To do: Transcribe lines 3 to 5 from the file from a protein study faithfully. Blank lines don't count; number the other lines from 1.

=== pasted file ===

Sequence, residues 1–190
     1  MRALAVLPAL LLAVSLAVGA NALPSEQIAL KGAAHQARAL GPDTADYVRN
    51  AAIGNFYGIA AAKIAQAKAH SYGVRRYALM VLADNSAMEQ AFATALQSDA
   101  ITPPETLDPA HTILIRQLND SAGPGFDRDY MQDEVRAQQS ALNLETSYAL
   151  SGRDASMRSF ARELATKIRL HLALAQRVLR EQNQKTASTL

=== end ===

    51  AAIGNFYGIA AAKIAQAKAH SYGVRRYALM VLADNSAMEQ AFATALQSDA
   101  ITPPETLDPA HTILIRQLND SAGPGFDRDY MQDEVRAQQS ALNLETSYAL
   151  SGRDASMRSF ARELATKIRL HLALAQRVLR EQNQKTASTL